Photo credit: © Benjamin News Company, Montreal

Pavilion of Italy

The three principal subjects in Italy's display have individual architectural as well as individual artistic forms.

On Ile Notre-Dame, just over the Bridge of the Isles from Ile Sainte-Hélène and a minutes walk from the Expo-Express station, the pavilion is simple but striking in form. On the rectangular sloping roof - which soars independently of the underlying structures - three symbolic sculptures summarize the whole exhibit.

The prime idea of the architects was to provide three display units which would be independent of each other, maintaining a sense of abundant contrast both inside and outside.

These units approach Expo's Man and his World as follows:

Poetry seeks a definition of the spiritual values that underline Italian tradition;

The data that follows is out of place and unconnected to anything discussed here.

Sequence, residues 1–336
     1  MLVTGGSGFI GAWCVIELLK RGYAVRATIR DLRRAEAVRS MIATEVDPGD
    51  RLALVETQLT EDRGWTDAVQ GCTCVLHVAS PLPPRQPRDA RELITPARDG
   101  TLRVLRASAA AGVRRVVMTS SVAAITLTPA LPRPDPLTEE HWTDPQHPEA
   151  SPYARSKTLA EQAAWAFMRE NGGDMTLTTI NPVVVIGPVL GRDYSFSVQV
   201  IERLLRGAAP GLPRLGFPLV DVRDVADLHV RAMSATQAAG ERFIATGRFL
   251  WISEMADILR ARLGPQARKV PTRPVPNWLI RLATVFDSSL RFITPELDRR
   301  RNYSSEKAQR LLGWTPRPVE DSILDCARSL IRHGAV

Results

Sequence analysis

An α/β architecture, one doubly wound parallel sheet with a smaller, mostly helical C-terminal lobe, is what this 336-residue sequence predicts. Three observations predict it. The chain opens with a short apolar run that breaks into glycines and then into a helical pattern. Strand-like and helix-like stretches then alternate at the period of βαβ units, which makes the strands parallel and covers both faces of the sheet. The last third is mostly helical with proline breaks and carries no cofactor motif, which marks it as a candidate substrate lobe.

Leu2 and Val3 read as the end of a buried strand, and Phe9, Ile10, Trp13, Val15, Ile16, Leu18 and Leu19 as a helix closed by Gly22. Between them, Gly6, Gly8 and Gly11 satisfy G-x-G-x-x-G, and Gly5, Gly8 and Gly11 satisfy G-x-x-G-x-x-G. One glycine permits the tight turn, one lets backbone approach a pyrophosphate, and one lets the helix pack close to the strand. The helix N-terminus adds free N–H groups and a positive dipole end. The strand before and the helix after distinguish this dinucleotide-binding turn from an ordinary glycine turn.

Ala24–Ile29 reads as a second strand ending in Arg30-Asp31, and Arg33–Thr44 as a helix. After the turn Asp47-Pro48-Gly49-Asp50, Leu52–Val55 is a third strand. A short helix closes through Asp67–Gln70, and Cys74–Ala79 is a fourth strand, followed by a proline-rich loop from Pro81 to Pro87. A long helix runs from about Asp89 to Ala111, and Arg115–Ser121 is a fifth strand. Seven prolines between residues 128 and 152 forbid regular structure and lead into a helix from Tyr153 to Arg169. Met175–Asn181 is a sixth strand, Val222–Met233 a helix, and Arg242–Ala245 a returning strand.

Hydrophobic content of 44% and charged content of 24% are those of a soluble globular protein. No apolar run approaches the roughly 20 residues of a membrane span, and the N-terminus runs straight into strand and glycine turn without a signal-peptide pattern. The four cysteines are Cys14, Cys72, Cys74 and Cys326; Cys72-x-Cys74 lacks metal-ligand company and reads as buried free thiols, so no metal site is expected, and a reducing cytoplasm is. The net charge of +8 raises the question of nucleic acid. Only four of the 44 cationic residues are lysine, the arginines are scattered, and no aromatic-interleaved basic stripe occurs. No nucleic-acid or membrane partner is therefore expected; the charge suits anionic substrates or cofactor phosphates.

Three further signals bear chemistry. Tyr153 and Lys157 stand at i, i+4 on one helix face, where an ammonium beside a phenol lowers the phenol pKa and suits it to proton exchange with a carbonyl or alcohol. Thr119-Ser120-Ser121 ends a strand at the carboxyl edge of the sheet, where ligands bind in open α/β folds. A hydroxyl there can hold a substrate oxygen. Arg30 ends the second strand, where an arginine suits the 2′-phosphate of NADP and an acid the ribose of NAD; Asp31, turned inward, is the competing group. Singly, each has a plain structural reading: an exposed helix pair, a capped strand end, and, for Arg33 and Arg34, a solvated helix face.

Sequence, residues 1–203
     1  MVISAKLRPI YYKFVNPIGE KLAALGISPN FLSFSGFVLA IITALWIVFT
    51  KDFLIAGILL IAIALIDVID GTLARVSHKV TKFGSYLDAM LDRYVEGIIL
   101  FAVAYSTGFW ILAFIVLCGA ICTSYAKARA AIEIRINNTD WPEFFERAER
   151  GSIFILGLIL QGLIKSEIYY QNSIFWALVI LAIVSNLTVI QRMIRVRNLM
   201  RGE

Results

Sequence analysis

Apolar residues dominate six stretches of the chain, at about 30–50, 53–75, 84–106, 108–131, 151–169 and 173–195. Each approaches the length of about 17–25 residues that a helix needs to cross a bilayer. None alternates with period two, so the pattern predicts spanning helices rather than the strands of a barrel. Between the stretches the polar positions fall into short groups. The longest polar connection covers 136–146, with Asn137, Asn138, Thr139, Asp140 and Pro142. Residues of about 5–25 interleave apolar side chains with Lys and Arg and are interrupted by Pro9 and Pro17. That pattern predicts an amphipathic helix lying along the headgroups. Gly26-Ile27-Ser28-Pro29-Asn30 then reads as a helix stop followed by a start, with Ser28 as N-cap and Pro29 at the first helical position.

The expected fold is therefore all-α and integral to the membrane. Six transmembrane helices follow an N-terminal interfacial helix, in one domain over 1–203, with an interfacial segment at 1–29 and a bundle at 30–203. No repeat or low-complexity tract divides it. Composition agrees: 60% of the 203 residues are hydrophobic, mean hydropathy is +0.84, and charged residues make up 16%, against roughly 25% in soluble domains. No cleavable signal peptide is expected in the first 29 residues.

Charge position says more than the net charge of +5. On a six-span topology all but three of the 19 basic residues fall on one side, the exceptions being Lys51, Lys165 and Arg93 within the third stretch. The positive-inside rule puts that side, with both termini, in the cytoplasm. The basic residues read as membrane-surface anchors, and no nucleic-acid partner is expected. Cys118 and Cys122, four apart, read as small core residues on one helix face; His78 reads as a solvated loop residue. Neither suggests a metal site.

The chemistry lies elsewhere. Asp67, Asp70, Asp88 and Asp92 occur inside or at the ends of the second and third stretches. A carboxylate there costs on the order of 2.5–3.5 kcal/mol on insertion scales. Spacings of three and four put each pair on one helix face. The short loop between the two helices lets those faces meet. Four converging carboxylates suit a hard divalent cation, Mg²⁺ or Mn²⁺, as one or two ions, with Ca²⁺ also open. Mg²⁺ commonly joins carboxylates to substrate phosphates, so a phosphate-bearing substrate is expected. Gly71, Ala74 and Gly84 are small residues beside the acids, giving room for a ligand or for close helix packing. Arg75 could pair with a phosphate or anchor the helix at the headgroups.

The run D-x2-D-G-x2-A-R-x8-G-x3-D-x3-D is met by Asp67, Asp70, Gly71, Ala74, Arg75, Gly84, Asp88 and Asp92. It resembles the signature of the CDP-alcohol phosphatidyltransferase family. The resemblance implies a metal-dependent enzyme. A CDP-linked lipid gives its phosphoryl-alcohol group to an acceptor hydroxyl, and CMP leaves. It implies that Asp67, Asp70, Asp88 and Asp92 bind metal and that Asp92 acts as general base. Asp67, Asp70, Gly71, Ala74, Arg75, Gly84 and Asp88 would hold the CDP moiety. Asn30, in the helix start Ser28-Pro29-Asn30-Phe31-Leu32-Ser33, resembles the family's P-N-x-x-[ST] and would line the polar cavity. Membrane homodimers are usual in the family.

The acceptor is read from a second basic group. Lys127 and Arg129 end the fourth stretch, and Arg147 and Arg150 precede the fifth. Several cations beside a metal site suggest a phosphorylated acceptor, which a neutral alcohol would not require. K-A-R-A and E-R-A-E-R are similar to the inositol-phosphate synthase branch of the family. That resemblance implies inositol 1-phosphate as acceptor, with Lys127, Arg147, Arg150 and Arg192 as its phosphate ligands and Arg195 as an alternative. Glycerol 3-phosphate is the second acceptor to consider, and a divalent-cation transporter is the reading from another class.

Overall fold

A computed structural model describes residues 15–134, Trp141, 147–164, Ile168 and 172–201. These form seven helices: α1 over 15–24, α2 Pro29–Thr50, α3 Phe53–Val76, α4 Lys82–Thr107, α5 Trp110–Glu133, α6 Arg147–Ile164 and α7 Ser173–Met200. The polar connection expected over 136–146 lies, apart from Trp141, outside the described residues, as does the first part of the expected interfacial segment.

Custom explores the fundamental and most characteristic traits of Italian life;

Progress introduces visitors to the forward-looking Italy of 1967.

These units are both separated and connected by a fourth section which compares what has gone before. Strong in form and rich in color, abstract and expressionistic compositions are projected on luminous surfaces.

A vantage point outside the pavilion gives a fine view of the roof-top-display of sculptures. This illustrates representative aspects of Italian life.

Click here to view a model to scale of the Italy Pavilion.

Click here to view a map of the Italy floor plan.

Click here to view the construction of the Italy Pavilion.